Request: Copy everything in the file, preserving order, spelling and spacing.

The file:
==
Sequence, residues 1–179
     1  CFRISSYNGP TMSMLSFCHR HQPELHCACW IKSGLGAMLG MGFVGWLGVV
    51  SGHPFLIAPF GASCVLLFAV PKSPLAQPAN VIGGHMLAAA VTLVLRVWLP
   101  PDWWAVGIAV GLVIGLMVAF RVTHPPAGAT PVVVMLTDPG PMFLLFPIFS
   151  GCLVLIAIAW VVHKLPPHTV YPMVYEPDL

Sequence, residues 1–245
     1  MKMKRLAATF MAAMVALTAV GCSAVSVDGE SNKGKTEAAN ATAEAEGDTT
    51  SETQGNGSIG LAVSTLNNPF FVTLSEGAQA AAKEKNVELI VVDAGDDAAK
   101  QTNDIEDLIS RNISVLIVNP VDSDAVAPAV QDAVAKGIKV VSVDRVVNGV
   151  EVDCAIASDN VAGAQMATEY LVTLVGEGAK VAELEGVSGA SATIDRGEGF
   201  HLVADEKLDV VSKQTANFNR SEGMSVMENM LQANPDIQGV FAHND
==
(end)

Sequence, residues 1–179
     1  CFRISSYNGP TMSMLSFCHR HQPELHCACW IKSGLGAMLG MGFVGWLGVV
    51  SGHPFLIAPF GASCVLLFAV PKSPLAQPAN VIGGHMLAAA VTLVLRVWLP
   101  PDWWAVGIAV GLVIGLMVAF RVTHPPAGAT PVVVMLTDPG PMFLLFPIFS
   151  GCLVLIAIAW VVHKLPPHTV YPMVYEPDL

Sequence, residues 1–245
     1  MKMKRLAATF MAAMVALTAV GCSAVSVDGE SNKGKTEAAN ATAEAEGDTT
    51  SETQGNGSIG LAVSTLNNPF FVTLSEGAQA AAKEKNVELI VVDAGDDAAK
   101  QTNDIEDLIS RNISVLIVNP VDSDAVAPAV QDAVAKGIKV VSVDRVVNGV
   151  EVDCAIASDN VAGAQMATEY LVTLVGEGAK VAELEGVSGA SATIDRGEGF
   201  HLVADEKLDV VSKQTANFNR SEGMSVMENM LQANPDIQGV FAHND